Having fed and watered Buttercup, Joe sauntered down the aisle and took a close look at the competition. He felt satisfied that the Mitchell heifer might take the honors away from Buttercup.
“That heifer of yours,” Russell said, as he chewed on a straw and squinted in Joe’s direction, “will put a smile on the judge’s face.”
Joe grinned. “So will yours,” he admitted.
Russell glanced appreciatively at the better heifer of the two that his boys were going to show. “She’ll be a contender,” Russell remarked.
“With the Holstein judging as the first event tomorrow morning, we won’t have too much longer to learn what happens,” Joe said.
Russell turned to Joe. “May the best heifer win!” he said, chuckling.
In the afternoon, the whole family helped give Buttercup a bath in one of the special pens set up for such purposes. She obviously loved being shampooed and rinsed, toweled and brushed, until her coat shone.
The day passed rapidly away. At dusk, the GMC and the Chevrolet caravanned back to Pine Village. That night, Joe hardly slept a wink. At four in the morning, he sat sipping instant coffee as his mind mulled over the finer points of Buttercup and her adversary.
Charles dressed in his show clothes. He wore jeans of the purest white and a new plaid shirt with white, avocado, and light blue squares. Buttercup wore a brand new halter of shiny black leather that Joe had purchased at considerable expense.
The crowd began gathering in the coliseum. Mr. Charles Coffman slid onto the bench before the electric organ on the platform stage, smiled at the audience, and launched into a rousing rendition of “Fine and Dandy.” He completed the song with a flourish and nodded to the families seated on both sides.
Mr. John F. McKee, county extension agent, clapped his hands and strode to the microphone. “Very fine! Very fine!” he exclaimed. He adjusted his silver hair and his equally silver glasses. “Now will the 4-H members bring in their Holstein heifers.”
Roger and Richard Mitchell led their cows into the ring. Then Charles brought Buttercup, who put on her best show for the crowd—and for the judge, a professorial gentleman wearing glasses, a dazzling white shirt, and what appeared to be snakeskin boots. In all, five cows were competing in the class, two led by girls.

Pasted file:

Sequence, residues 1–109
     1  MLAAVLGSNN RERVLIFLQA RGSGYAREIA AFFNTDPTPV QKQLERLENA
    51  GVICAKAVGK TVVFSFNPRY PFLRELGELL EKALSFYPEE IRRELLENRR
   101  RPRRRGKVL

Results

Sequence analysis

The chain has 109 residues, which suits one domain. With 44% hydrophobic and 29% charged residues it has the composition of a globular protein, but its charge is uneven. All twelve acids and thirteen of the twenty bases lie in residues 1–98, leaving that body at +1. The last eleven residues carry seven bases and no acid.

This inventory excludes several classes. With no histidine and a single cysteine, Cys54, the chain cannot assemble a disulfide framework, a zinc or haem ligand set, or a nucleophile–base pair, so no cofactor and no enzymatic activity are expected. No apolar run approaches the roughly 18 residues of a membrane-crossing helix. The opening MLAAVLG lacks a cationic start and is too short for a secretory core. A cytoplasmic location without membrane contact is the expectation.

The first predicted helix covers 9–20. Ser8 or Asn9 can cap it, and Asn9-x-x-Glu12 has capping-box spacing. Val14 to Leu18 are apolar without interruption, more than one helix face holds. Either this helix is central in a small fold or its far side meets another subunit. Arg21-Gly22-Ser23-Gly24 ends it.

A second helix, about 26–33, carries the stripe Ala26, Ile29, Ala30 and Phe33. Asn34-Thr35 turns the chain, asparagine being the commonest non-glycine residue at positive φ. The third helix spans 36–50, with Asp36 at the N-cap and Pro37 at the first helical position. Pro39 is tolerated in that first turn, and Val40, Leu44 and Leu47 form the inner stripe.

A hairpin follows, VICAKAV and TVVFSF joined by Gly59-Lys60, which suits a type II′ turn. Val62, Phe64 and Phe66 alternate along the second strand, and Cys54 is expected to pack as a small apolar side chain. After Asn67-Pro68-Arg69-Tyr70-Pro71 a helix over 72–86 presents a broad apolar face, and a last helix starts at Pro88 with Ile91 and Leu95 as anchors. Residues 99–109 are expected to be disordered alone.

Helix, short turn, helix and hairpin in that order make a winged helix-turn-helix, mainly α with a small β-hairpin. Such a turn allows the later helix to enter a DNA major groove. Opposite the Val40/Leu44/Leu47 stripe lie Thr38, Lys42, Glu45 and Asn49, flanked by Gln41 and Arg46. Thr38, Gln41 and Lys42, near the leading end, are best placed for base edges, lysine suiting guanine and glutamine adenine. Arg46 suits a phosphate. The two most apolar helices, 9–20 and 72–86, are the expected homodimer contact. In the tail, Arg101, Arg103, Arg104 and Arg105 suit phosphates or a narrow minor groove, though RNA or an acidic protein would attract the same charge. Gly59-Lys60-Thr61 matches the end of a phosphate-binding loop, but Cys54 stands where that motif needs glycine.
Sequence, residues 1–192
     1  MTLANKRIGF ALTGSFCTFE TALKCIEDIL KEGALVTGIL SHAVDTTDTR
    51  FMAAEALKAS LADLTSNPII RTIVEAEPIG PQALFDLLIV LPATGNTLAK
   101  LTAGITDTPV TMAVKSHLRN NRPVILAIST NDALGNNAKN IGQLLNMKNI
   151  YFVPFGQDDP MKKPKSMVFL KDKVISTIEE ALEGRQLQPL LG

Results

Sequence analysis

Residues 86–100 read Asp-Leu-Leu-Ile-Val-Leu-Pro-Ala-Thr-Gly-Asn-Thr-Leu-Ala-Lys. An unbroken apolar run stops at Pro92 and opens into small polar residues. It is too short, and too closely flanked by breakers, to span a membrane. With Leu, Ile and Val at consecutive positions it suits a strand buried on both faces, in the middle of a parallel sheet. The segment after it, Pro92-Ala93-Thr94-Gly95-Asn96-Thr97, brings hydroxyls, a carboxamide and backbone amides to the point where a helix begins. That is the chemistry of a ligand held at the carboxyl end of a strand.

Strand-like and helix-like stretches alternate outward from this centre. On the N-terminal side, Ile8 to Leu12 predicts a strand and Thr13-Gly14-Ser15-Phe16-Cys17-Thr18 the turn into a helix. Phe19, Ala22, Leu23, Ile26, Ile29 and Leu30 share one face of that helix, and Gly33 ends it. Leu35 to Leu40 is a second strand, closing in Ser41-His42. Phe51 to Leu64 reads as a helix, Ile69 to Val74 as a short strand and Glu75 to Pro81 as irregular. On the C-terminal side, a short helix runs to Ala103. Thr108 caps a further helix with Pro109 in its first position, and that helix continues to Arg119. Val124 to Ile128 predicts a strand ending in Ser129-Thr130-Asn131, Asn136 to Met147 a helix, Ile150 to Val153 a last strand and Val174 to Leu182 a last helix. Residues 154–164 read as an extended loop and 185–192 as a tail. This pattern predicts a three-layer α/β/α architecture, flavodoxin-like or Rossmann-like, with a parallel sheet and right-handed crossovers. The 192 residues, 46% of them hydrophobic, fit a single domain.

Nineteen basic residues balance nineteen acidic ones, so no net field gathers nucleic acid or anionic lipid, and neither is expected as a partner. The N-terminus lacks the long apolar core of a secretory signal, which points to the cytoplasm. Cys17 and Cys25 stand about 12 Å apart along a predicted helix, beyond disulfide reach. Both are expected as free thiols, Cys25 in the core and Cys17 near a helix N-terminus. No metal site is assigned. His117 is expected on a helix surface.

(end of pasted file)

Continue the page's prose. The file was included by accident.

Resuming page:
Wearing a printed shirt and slacks for show day, Joe stood near one of the wooden panels leading to the judging area, his arms folded and his brows drawn in what Robert called his “eagle-eyed look.” Joe’s friend, Don Akers, strode up from the hog barn. Don’s cap was pulled forward, shading his eyes. His smile, as white as his T-shirt, lit up his tanned face as he rested one foot on the bottom board of the panel and put his hands on the top board. “Well, Joe, how does she look?”
As soon as Joe had seen Don, Joe had dropped his arms, tucked his thumbs just inside the upper edges of his back pockets, and leaned forward in a characteristic posture that meant he would now give the fullest consideration to whatever Don had to say. “I think she looks good,” Joe said, grinning and blushing from having complimented his own heifer.
Don offered, “It’s a small class—”
“—but there’s strong competition,” Joe added, shaking his head with worry.
At the same instant, Joe and Don looked across at Russell Mitchell, who waved at them. With one accord, Don and Joe raised and lowered the first fingers of their right hands in the universally accepted gesture of acknowledgment.
“Russell often wins this class, doesn’t he?” Don asked.
“Yes,” Joe answered, repeating, “yes, he does.”
“Don’t you wish you could tell what the judge is thinking!” Don exclaimed. “But maybe it’s just as well that we don’t know. He might be wishing he had a coin he could flip.”
Joe laughed, removed his seed corn cap, ran his hand over his head, put his cap back on, and said, “We could give him a quarter, but people might think we were trying to bribe him.”
“What counts is what those boys and girls are learning out there,” Don said.
The judge had the 4-H members walk their heifers around the ring and then stand them. Buttercup needed no encouragement or instruction. When she walked, she strutted, and, when she stood, she posed. Passing his hands along their backs and flanks, the judge studied every detail of each cow.